Aid Station #2 is up ahead and the sight of those beautiful plastic cups brings a smile to my face. Down a cup and a half and pour two cups on my head is my recipe for hydration at this point. Just one more hill to go and I’ve just about sized up the kind of course that I’ll have to run five more times. At the foot of hill number three is a convent called Mother of Mercy. Its relevance does not dawn on me until moments later, serving as a cruel joke to all who tread through the run course as the race draws longer. Hey, wasn’t this the turnaround point? How come people are still running towards what appears to be a fourth hill in the distance. Mother of Mercy! There’s another flippin’ hill to climb! (Note: If any spirits or bodies were exhaustively spent that day, they were lost somewhere between that convent and the turnaround at hill number four. Though I can guess that some people found religion there as well.)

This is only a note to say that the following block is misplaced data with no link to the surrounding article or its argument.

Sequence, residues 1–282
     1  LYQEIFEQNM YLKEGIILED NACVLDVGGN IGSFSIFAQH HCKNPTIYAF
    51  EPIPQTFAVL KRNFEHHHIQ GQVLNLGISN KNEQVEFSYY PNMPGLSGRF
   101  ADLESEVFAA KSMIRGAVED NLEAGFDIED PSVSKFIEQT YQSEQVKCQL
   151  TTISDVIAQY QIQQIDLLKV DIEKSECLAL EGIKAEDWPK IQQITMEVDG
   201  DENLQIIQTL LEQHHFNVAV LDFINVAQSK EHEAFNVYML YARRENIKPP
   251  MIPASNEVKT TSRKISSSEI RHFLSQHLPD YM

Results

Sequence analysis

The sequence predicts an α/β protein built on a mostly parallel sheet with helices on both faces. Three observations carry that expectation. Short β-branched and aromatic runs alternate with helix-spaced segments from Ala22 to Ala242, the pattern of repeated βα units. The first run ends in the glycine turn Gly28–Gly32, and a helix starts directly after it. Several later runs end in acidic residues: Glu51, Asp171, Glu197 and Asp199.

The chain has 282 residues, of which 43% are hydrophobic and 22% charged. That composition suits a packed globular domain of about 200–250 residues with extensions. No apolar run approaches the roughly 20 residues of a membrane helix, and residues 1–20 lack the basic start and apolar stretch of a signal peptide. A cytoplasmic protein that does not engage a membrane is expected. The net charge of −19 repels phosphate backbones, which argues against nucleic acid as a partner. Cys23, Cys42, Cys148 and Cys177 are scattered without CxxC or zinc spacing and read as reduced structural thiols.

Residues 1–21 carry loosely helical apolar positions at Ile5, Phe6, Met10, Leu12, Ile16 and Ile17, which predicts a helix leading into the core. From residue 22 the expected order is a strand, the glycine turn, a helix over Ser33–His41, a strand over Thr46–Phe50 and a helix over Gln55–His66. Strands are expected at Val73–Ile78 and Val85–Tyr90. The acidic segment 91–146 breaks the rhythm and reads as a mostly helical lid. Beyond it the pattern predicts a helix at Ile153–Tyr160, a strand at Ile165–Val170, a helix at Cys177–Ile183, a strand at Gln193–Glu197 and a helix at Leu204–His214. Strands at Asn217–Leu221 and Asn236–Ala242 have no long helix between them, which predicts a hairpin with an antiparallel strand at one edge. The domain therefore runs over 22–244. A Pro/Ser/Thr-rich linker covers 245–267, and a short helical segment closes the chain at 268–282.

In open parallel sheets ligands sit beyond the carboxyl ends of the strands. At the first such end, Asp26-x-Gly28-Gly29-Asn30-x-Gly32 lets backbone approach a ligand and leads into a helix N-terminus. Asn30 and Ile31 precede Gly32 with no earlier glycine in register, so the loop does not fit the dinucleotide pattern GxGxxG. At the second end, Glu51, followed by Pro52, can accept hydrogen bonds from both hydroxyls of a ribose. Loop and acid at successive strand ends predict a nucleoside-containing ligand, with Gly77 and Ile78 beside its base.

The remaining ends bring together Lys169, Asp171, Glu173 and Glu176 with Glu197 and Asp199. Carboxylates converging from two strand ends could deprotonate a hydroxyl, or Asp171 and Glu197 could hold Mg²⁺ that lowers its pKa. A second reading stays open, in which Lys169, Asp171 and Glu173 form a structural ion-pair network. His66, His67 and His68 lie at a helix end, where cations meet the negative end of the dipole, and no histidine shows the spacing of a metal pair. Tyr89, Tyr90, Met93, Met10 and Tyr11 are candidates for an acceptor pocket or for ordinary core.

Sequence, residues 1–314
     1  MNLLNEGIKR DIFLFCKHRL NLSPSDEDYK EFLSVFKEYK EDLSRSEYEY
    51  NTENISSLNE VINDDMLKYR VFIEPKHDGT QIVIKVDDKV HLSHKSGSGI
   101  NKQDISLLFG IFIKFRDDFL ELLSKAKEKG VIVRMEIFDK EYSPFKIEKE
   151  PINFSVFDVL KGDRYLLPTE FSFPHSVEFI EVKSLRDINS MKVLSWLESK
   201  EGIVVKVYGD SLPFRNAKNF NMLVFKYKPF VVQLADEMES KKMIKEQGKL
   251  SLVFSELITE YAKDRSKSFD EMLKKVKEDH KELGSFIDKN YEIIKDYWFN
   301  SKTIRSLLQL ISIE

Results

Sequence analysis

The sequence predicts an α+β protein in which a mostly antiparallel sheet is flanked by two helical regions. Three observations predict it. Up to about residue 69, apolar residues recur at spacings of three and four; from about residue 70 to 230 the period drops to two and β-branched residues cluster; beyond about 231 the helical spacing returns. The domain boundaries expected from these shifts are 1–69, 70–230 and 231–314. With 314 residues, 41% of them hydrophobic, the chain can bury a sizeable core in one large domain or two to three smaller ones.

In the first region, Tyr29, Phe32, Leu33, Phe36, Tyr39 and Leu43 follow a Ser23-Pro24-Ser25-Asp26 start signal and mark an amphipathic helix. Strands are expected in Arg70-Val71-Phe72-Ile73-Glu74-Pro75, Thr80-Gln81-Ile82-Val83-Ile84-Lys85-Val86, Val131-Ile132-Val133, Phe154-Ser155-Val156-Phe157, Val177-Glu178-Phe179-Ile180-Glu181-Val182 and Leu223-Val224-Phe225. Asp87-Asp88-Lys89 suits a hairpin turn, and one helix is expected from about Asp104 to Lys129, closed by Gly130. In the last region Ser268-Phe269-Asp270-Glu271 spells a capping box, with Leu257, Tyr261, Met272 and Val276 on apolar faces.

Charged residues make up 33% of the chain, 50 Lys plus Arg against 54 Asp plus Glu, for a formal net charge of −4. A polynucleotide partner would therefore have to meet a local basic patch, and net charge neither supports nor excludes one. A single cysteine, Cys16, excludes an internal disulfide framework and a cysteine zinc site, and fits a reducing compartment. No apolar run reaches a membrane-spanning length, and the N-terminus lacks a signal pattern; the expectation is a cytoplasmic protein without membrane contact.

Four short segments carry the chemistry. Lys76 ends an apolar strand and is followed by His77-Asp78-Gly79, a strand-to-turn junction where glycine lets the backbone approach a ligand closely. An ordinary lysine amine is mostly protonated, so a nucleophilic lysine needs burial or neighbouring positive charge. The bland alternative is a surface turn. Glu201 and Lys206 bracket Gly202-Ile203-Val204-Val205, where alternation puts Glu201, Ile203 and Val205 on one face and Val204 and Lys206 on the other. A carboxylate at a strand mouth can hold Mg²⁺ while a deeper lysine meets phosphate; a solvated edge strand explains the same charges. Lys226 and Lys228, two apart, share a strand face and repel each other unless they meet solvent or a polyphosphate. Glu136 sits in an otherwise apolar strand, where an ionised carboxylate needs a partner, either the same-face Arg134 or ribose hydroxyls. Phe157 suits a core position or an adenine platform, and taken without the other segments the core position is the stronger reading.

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The end of the fourth hill was a little piece of relief (or paradise, to some) called Aid Station #3, manned by cheerful volunteers handing out bananas, oranges, water, sports drinks, and the ubiquitous rub-on pain killer ointment. The most welcomed handouts were the face towels dipped in ice-cold water that provided much-needed relief from the sweltering heat. Draping the cold towels over head and neck for cover and comfort, it looked like half the runners were from the French foreign legion. Okay, just twenty more hills to run before this race is over. Fan-flicking-tastic. Give me that loop band already so I can be on my way, Mr. Volunteer.

And so goes the rest of the run, or should I say walk-run. Okay, walk-run-walk. Each run loop brings more victims, taking excruciating steps up the hills with some managing to trudge on the descents, but each with a steely look of discomfort, exasperation, and tiredness. The gallant few can still afford an impressive run pace, as if taunting the mortals among us who can only slog through the dry, rolling landscape hoping to make it to the next aid station.